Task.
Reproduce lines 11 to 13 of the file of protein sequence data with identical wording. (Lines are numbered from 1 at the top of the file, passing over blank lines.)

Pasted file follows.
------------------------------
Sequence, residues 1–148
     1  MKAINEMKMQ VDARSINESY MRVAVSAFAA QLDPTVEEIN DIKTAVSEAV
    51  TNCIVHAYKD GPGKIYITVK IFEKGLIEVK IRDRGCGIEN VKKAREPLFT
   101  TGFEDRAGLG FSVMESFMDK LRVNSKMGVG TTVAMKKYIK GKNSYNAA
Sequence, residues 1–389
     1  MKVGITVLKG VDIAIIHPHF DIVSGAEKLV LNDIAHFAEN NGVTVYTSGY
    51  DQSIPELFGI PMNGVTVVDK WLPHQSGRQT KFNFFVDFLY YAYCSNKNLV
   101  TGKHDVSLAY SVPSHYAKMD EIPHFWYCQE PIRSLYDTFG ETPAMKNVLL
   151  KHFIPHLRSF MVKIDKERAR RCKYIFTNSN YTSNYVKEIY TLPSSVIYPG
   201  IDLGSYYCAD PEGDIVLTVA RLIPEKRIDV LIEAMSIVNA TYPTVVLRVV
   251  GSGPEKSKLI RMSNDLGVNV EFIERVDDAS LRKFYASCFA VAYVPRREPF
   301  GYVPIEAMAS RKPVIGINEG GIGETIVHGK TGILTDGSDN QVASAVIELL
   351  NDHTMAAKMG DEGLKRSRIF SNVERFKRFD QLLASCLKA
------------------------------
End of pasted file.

   251  GSGPEKSKLI RMSNDLGVNV EFIERVDDAS LRKFYASCFA VAYVPRREPF
   301  GYVPIEAMAS RKPVIGINEG GIGETIVHGK TGILTDGSDN QVASAVIELL
   351  NDHTMAAKMG DEGLKRSRIF SNVERFKRFD QLLASCLKA